In the late nineteenth century, as industrialization and urbanization increasingly remade the American landscape, the idea of setting aside state and national parks to preserve natural wonders began to take root. Proponents of this idea believed that parks would offer an antidote to city life and preserve remnants of the frontier wilderness, which many believed was essential to the maintenance of a vigorous and virtuous national character. The first state parks preserved geologic curiosities, as here at Devil’s Lake with its dramatic bluffs and boulders and its ancient glacial kettles, potholes, and lake bed. John Nolen recommended Devil’s Lake Park to the legislature, and in 1911 it became a reality.
Devil’s Lake took on its present appearance in the late 1930s. As part of President Franklin D. Roosevelt’s nationwide effort to develop public recreation areas while employing young men and unskilled laborers during the Great Depression, the CCC and the WPA helped to build state park facilities throughout the nation. At Devil’s Lake, the two agencies supervised the construction of trails, an administration building, bathhouses, entrance gateways, walls, and trail signs. CCC and WPA projects were supposed to be labor intensive in order to provide work for as many of the unemployed as possible. So the Devil’s Lake workers laboriously fashioned buildings out of quartzite stones, which they quarried from the bluffs within the park.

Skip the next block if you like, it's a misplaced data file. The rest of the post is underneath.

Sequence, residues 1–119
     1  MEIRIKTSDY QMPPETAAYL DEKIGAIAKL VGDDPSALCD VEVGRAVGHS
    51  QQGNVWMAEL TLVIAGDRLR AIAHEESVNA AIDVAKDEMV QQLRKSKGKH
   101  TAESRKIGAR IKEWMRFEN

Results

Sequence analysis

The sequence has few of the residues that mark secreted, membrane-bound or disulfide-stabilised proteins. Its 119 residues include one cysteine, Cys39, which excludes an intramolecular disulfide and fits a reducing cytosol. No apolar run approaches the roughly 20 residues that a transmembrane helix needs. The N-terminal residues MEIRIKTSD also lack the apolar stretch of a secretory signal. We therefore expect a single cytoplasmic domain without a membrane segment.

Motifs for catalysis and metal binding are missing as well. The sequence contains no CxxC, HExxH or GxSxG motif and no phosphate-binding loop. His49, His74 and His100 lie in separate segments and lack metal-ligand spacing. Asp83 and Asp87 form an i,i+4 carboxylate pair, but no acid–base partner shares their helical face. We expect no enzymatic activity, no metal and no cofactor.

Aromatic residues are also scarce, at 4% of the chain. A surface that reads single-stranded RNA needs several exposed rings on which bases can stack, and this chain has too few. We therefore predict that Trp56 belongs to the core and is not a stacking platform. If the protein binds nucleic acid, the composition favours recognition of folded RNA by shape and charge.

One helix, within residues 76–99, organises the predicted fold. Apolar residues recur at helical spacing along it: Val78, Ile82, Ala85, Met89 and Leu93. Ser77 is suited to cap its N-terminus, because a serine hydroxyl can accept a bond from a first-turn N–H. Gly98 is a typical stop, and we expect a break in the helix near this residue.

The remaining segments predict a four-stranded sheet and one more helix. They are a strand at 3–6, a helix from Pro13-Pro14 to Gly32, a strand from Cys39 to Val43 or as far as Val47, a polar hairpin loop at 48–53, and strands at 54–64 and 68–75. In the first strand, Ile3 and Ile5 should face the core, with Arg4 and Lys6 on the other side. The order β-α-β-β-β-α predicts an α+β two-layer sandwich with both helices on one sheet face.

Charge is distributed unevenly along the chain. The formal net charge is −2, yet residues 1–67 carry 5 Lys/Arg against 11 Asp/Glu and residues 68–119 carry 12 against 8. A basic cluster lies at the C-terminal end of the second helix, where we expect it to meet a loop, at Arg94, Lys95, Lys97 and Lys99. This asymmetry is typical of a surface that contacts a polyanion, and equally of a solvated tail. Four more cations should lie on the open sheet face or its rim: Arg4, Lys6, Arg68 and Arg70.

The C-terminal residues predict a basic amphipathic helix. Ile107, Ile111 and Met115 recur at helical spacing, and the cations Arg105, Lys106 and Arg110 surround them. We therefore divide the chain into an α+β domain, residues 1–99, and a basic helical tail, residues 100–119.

Bernard H. Knobla and William E. Riemenschneider, architects for the National Park Service, and J. C. Steiro, architect for the Wisconsin Conservation Department, drew the plans for the buildings. Their Rustic-style designs emphasized such natural materials as rugged stone and peeled logs. The most impressive of these buildings is the bathhouse. Corbeling above the stone piers suggests column capitals and forms the arched openings into the porch. On each side of the central core, sprawling wings constructed of vertical logs enclose dressing areas. A flagstone terrace at the rear of the bathhouse completes the design. Nearby, the concession building, known as the Chateau, is banded on three sides by wraparound windows, opening from the screened porch onto the north shore of the lake. Though originally built in 1925, the Chateau was remodeled between 1939 and 1942 to conform to the park’s rustic theme.
Together with a network of trails, the park buildings help create a naturalistic—yet designed—landscape. The most notable of the CCC-built trails is the Devil’s Doorway and CCC Trail, a series of stone steps leading to the top of East Bluff.